If the Kurds come back under the roof of Damascus, the Turkish military campaign in northern Syria will lose its relevance, political analyst Ghassan Kadi told Sputnik. Commenting on the liberation of East Ghouta, the analyst agreed that it may develop according to the “Aleppo scenario.”
If the Kurds have given up the idea of creating a sovereign entity in northern Syria, then Turkish President Recep Tayyip Erdogan no longer has a justification to proceed with his Olive Branch operation in Afrin and Manbij, political analyst of Syrian origin Ghassan Kadi told Sputnik.
Ankara has sent police special forces units to the northern Syrian region of Afrin in anticipation of a new phase of its campaign against the Kurdish militias. It also says the UN-backed ceasefire does not affect its operation.
The special forces units crossed into Syrian territory from the southern Turkish provinces of Kilis and Hatay, local media reported. The new forces are expected to hold villages taken by Turkish troops from the Kurdish People’s Protection Units (YPG) as well as to take part in urban combat as Turkey’s Operation Olive Branch apparently moves from the countryside to the major settlements.
“Deploying special forces is part of the preparation for a new fight that is approaching,” Deputy Prime Minister Bekir Bozdag told Turkish NTV. “The fight will shift to places where there are civilians, as the area (of fighting) narrows,” he said, adding that the special forces units have experience in fighting militants in residential areas.
Even though the Turkish operation has entered its sixth week, most of the larger towns in the Kurdish-held enclave, including the city of Afrin itself, remain in the hands of the YPG. Still, Turkish forces drove the Kurdish militias from all areas bordering Turkey, local media report. On February 20, Turkish President Recep Tayyip Erdogan said that the troops would lay siege to Afrin “in the coming days.”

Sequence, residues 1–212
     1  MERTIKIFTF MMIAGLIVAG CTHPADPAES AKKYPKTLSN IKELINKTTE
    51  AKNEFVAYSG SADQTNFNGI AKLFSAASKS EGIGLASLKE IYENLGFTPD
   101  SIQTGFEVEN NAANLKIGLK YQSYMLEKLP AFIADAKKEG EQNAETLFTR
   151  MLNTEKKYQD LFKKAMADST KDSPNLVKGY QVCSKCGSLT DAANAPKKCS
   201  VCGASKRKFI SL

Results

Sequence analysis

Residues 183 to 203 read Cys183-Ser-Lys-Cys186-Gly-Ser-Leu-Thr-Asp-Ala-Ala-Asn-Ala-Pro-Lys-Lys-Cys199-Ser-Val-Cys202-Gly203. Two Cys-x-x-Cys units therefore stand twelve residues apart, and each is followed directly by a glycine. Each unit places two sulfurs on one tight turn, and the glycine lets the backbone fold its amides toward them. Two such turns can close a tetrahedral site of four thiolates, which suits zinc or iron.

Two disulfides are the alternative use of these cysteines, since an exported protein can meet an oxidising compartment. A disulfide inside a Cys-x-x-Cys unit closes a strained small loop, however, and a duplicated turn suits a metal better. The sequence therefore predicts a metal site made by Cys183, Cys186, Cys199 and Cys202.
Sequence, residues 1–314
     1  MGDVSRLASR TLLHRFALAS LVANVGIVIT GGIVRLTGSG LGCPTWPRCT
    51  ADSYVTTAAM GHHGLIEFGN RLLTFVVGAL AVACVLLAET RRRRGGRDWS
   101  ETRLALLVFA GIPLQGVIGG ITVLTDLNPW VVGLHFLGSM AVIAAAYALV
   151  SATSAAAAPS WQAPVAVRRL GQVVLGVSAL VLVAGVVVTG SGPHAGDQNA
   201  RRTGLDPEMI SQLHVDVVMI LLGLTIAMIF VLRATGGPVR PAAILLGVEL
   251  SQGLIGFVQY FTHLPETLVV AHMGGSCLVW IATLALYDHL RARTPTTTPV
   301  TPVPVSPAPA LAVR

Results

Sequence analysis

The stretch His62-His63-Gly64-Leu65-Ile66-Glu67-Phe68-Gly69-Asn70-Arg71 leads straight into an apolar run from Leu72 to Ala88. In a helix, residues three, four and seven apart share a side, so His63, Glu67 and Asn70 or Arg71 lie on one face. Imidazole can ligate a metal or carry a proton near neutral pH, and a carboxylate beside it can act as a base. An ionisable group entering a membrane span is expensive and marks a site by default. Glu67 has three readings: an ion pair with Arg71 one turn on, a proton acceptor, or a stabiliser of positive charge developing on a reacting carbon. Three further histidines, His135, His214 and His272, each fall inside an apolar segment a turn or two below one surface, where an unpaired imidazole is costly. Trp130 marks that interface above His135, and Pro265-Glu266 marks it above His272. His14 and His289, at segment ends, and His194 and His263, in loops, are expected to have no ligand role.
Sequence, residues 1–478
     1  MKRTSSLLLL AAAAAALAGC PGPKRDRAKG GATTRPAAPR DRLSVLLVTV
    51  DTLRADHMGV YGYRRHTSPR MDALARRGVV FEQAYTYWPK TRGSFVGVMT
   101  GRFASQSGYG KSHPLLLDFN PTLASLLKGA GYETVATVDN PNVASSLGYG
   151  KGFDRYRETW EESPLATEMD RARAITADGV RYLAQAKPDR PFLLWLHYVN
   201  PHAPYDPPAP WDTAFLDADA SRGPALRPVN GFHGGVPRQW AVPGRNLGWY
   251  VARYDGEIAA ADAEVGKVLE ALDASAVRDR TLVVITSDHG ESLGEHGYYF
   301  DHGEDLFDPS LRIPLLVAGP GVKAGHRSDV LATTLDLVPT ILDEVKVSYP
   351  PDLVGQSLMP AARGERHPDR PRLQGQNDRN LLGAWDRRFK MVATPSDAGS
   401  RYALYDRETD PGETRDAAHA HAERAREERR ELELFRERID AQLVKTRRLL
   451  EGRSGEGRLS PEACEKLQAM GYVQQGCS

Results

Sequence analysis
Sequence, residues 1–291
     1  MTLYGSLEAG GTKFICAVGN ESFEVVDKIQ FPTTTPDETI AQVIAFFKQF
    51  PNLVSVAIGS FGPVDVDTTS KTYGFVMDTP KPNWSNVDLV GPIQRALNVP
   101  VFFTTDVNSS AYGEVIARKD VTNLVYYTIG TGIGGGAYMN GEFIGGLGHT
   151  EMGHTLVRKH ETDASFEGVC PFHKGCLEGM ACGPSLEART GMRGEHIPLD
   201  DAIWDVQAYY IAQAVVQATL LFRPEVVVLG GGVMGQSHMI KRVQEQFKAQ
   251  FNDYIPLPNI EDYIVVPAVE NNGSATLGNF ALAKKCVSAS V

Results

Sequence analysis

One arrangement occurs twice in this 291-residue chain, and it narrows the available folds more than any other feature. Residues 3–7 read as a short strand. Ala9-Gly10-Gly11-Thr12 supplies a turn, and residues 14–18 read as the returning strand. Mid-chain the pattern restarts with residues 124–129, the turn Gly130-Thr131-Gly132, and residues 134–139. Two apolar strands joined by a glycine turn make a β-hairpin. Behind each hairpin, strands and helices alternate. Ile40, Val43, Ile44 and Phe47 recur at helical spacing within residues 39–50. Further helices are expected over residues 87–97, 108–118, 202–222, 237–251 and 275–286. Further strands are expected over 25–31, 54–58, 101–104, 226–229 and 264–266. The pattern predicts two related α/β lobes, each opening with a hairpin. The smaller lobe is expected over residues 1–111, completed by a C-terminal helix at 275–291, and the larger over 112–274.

In a bizarre act of propaganda, while urging the nation to be ready for mobilization, the Turkish leader invited a small girl in military uniform onstage and assured the sobbing child she would receive state honors if killed.
The controversial episode happened as President Recep Tayyip Erdogan was addressing a provincial congress of the ruling Justice and Development Party (AKP) in the southern province of Gaziantep on Saturday. The Turkish leader used the occasion to whip up public support for the ongoing military operation targeting Kurdish militias in Syria – and to remind those who have completed their service but still had “active mobilization orders” to be ready to be recruited again if the situation requires.
At one point, a young girl in the hall, who was dressed in military uniform complete with a maroon beret worn by the Turkish Special Operations Forces, caught Erdogan’s attention, according to TV footage of the speech. He invited the child, who looked about four or five years-old, to come to the stage next to him. She did, although the attention apparently made her uncomfortable, judging by her sobbing.
“Look what you see here! Girl, what are you doing here? We have our maroon berets here, but maroon berets never cry,”the Turkish president told the child in an apparent attempt to calm her.
“She has a Turkish flag in her pocket too,” Erdogan then told the audience, embracing the girl.
“If she is martyred [killed], they will lay a flag on her, God willing,”he then added in a bizarre twist:“She is ready for everything, isn’t she?”